In explaining the decision to CNBC, Uber CEO Dara Khosrowshahi sidestepped a question about whether compelling the drivers to get vaccinated would exacerbate its labor shortage, which has forced it to spend hundreds of millions of dollars to attract more workers. Instead, he said he was uncomfortable making a decision about vaccines on behalf of so many people.

"When you get to the numbers in the hundreds of millions, which is what we're talking about as far as riders and drivers go, to put that responsibility, that kind of decision-making power, on a company I don't think is right," he said. "I think these mandates if they're pushed, should be pushed by local or federal governments."

Government vs. employer mandates

It's a bit rich, given how Uber has worked to dominate the market, for the company to claim that its size is the reason it can't make a simple decision to protect its employees and the public at large. But Khosrowshahi is right that only the government has the power to create a level playing field. If the federal government made every US citizen get a vaccine, Uber wouldn't have to worry about losing its vaccine-hesitant drivers to Lyft, and vice versa.

The federal government, according to constitutional scholars, probably doesn't have that kind of legal authority. But state and local governments do, under a 1905 Supreme Court ruling that upheld Massachusetts' right to require residents to get the smallpox vaccine. While some states have banned mandates altogether, others are finally moving to require vaccines for certain professions, especially in high-risk settings. California and Washington have mandated COVID-19 shots for healthcare workers, and Massachusetts is requiring them for employees at nursing homes, 25% of whom remain unvaccinated, according to officials.

Absent government mandates, the next best thing would be for leading employers to require vaccinations with the support of industry groups and labor unions, which would help create sector-wide norms. The Equal Employment Opportunity Commission has approved employer mandates, as long as they include exemptions for disability and religion. The American Medical Association and the AFL-CIO have come out in strong support of mandatory vaccines, and the mandate for federal employees has received the support of the International Federation of Professional and Technical Engineers. "More than 627,000 Americans are dead," the union said, "and we don't want any more of our members dying."

A respiratory therapist working with a patient lying in a bed in the ICU.
By issuing vaccine mandates, employers could help stem the alarming new surge of COVID-19 cases. 
Shannon Stapleton/Reuters

Unfortunately, several large labor unions have decided to prioritize bargaining rights over the safety of their members. The United Auto Workers has said it's against mandates, and other unions have pushed back against employer-imposed plans that weren't negotiated in advance. But in the face of the powerful Delta variant, there are signs that the resistance may not last. On Sunday, the American Federation of Teachers backtracked on its opposition to mandates. "The circumstances have changed," Randi Weingarten, the president of the union, said on NBC's "Meet the Press." "As a matter of personal conscience, I think that we need to be working with our employers, not opposing them, on vaccine mandates."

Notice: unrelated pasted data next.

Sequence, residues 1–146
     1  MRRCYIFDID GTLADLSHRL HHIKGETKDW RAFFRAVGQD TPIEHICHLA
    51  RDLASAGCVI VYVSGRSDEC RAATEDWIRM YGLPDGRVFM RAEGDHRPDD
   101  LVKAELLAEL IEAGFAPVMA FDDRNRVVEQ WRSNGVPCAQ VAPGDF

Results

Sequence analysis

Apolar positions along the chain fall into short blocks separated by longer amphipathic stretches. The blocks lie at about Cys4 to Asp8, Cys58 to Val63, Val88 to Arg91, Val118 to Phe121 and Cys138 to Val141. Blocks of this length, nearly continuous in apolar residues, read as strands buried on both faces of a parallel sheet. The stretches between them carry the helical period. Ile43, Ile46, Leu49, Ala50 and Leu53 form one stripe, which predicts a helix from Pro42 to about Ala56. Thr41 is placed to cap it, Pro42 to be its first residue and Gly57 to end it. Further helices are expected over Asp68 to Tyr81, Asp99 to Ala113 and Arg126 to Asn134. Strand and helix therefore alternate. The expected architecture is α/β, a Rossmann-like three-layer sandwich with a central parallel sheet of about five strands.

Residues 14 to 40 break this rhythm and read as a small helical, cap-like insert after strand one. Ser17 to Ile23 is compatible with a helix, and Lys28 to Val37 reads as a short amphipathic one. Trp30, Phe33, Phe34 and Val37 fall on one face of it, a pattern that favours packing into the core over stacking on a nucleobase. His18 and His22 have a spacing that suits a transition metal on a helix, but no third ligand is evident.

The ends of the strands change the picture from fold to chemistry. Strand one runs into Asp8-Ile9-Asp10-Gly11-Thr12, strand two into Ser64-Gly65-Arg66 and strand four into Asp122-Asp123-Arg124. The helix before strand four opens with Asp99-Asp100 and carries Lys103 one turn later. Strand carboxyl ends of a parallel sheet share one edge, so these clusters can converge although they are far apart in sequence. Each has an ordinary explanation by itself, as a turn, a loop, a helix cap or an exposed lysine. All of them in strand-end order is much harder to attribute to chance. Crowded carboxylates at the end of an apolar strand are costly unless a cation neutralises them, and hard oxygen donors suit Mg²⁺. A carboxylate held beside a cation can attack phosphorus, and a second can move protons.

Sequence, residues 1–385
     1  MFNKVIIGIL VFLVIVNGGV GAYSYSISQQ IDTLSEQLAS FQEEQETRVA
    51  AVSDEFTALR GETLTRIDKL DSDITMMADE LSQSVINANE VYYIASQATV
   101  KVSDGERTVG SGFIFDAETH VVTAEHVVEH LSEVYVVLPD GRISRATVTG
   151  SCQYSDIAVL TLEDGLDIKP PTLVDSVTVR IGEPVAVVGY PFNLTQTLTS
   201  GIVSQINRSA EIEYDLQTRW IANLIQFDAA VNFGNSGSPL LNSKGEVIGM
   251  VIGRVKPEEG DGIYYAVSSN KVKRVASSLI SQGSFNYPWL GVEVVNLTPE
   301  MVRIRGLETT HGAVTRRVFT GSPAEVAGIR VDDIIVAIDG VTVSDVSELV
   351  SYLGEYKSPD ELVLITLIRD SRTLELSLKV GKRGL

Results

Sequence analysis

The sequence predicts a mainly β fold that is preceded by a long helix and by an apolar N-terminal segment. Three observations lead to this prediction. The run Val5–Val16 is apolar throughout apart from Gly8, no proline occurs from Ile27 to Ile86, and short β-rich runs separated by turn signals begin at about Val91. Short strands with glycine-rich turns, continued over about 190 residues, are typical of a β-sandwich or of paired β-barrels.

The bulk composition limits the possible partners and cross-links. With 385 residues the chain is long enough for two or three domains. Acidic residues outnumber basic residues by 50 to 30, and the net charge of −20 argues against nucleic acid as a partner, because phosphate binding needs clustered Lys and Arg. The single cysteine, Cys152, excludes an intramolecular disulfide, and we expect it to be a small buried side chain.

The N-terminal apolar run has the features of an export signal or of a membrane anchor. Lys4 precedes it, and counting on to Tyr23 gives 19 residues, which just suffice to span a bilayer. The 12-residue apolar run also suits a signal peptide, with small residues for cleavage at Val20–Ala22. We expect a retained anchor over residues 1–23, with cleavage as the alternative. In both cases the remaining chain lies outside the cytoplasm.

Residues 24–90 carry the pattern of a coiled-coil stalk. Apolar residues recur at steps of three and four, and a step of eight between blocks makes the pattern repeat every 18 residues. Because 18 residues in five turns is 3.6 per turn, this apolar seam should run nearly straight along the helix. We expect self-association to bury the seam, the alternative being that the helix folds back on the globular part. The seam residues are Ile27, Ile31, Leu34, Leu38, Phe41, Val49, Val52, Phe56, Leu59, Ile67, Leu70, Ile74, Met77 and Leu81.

The good news is, a few companies with big blue-collar workforces are moving ahead with mandates. Tyson Foods announced last week that it ordered its 120,000 employees to get their shots, setting a deadline of October for office workers and November for plant workers, who will receive a $200 bonus. Before the announcement, the company reported, just under half its workforce had been vaccinated — a stark indication of how persuasion and incentives have failed to boost the rate among low-wage workers. But within a week of the mandate, Tyson reported, more than 5,000 workers had received their shots.

What we need now, desperately, is for more companies like Tyson to embrace mandates. At this point, even if the employers of every single office worker in the country were to mandate the vaccine, the effect would be marginal: In the Kaiser Family Foundation survey, only 5% of college-educated adults said they're on the fence about vaccines or could be compelled by a mandate. But among those with less schooling, the movable share was 16% — making employer mandates one of the most powerful tools in the fight against COVID-19.

Mandates could also turn out to be a powerful tool for recruiting new employees. As hospitalizations and deaths continue to soar in the face of the Delta variant, the promise of a COVID-19-free workplace could become one of the most sought-after job benefits of the pandemic era. "People value being in a workplace where they're confident that their coworkers have all been vaccinated," Mulligan, the USC professor, said. "I think there actually is more broad support for mandates than some employers realize." Sure, some employees may leave in the face of a vaccine mandate. But by creating a common standard for vaccinations, as they do for so many other issues, business leaders can help ensure that they lose fewer workers to the job market than they do to the coronavirus.